- So, that happened. Hal Mumme apparently scheduled for his McMurry University team — a Division III squad, meaning they don’t have scholarship athletes — to play Stephen F. Austin, an excellent FCS level school (i.e. whose roster is made up of scholarship athletes). The result, was, uh, ugly:

Hal Mumme’s McMurry University’s team took a record 82-6 loss to Stephen F. Austin last Saturday.

McMurry is a Division III team in Texas. Stephen F. Austin is ranked No. 14 in FCS, the same division that includes Eastern Kentucky, Jacksonville State, etc. Stephen F. Austin outgained Mumme’s team 668-120. McMurry quarterback Jake Mullins threw for just 79 yards and was sacked five times. The score was 53-6 at halftime.

Ever the Civil War buff, Mumme had a quote after the rout.

“I know how Lee felt after Pickett’s Charge,” McMurry coach Hal Mumme said. “It’s all my fault. I just asked them to do something they couldn’t do.”

I generally like Hal, but there must have been a payday or something involved. Wow. (Though McMurry is supposed to be transitioning to Division II.) Of course, Hal was also up to his old tricks. I’m not against going for it, but I’ve never heard the logic before that it’s actually better for the defense to give the other team the ball in red zone as opposed to their own twenty. Worth the trade-off of going for it, sure, but not that you were actually helping your defense:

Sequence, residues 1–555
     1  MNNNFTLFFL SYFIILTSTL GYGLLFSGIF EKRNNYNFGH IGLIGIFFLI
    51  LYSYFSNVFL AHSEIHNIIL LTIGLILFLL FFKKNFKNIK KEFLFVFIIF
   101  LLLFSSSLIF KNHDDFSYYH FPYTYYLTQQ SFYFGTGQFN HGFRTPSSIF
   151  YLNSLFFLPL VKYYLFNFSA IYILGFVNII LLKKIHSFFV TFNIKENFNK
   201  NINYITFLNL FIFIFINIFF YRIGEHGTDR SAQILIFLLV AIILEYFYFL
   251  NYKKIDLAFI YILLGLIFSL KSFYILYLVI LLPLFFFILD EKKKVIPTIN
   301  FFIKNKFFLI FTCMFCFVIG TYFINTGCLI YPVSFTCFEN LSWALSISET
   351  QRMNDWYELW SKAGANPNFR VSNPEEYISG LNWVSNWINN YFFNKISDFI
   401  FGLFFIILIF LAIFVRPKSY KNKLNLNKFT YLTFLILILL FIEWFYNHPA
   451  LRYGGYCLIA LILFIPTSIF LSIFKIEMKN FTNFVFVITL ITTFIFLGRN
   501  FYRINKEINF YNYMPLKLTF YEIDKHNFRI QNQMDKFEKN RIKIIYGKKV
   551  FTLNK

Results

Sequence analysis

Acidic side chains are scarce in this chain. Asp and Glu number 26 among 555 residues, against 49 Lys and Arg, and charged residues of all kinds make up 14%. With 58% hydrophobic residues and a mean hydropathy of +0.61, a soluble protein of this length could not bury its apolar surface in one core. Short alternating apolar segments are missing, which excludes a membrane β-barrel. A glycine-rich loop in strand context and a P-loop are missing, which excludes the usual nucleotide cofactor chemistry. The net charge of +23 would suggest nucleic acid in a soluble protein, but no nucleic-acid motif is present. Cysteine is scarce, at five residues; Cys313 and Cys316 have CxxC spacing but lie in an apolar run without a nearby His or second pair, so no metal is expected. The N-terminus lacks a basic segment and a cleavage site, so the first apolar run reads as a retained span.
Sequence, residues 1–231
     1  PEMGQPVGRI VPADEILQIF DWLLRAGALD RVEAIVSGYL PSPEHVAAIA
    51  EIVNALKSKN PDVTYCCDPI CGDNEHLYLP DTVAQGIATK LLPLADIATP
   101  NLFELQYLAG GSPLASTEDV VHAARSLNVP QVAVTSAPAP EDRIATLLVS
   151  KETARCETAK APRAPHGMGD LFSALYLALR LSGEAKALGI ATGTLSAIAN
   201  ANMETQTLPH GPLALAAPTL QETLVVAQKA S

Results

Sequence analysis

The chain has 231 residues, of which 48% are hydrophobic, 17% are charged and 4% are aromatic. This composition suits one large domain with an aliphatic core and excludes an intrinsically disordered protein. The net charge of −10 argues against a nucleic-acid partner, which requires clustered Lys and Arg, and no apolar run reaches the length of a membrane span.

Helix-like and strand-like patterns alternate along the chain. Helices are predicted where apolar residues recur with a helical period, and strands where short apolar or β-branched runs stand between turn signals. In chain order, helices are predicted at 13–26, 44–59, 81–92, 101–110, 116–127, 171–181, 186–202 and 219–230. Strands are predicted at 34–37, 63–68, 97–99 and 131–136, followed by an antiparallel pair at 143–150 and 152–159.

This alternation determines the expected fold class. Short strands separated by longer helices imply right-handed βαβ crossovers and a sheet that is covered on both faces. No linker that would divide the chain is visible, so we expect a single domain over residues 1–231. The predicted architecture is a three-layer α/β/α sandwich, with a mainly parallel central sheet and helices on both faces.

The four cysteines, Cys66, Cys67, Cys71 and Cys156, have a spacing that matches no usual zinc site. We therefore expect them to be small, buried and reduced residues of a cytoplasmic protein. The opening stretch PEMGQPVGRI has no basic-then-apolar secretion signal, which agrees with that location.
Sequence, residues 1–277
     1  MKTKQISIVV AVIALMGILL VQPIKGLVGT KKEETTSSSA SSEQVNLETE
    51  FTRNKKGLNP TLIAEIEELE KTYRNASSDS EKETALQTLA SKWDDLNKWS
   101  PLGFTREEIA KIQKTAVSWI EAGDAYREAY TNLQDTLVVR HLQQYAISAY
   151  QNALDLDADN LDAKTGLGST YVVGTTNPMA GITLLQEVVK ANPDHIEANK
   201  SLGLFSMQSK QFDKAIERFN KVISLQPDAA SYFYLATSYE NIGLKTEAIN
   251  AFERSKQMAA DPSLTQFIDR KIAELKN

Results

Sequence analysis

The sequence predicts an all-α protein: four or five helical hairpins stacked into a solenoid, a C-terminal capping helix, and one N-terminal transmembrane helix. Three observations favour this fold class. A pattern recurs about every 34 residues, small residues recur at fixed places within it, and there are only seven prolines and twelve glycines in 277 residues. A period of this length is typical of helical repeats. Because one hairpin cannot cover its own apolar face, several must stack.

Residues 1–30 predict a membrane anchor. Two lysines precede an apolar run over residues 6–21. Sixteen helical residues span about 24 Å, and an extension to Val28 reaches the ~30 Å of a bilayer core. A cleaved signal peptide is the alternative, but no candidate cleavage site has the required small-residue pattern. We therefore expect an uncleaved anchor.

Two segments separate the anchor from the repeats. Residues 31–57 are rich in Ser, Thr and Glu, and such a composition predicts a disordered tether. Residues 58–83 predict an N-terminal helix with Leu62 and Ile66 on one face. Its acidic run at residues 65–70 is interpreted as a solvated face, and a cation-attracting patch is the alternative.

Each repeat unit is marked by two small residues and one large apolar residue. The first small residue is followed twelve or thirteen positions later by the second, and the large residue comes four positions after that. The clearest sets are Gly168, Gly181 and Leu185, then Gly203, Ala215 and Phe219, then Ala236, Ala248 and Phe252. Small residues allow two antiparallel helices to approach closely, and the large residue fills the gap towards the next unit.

With nothing to lose except a football game, McMurry went for broke from the start, going for it and failing on fourth down on its first four possessions. Three of those were in McMurry territory, including a fourth-and-8 from the 28. The Lumberjacks took advantage with a field goal and two touchdowns to take control before the game was eight minutes old.

“If I’d punted it, I didn’t think our defense could slow them down,” Mumme said. “Nothing against our defense, but we had to make big plays and get them off the field in three plays if we were going to stop them. It’s easier to do that when they’re in the Red Zone than when they’re back 80 yards away. They’re just like us — they throw it down the field real well.”

- Bill C on week one. Great stuff. See also this:

(more…)

It’s the process, recruiting edition

The article is a bit dated, but is still fascinating. Nick Saban on his recruiting method:

[T]he Nick Saban doctrine of recruiting. It is meticulous, methodical and relentless in every single aspect of the recruiting process. . . . Belichick, Bill Parcells and other player pro directors all influenced Saban and his recruiting approach. It’s a five-phase process that first begins with identifying needs of your current personnel based on attrition two to three years down the line out of a five-year player cycle.

Second, Saban sets a standard at each position, identifying key characteristics within each position with the offensive and defensive systems that he runs. Each prospect who is recruited, depending on the position, has to meet certain measurables (height, weight, speed, etc.), among other criteria. Rarely will Saban deviate.

(more…)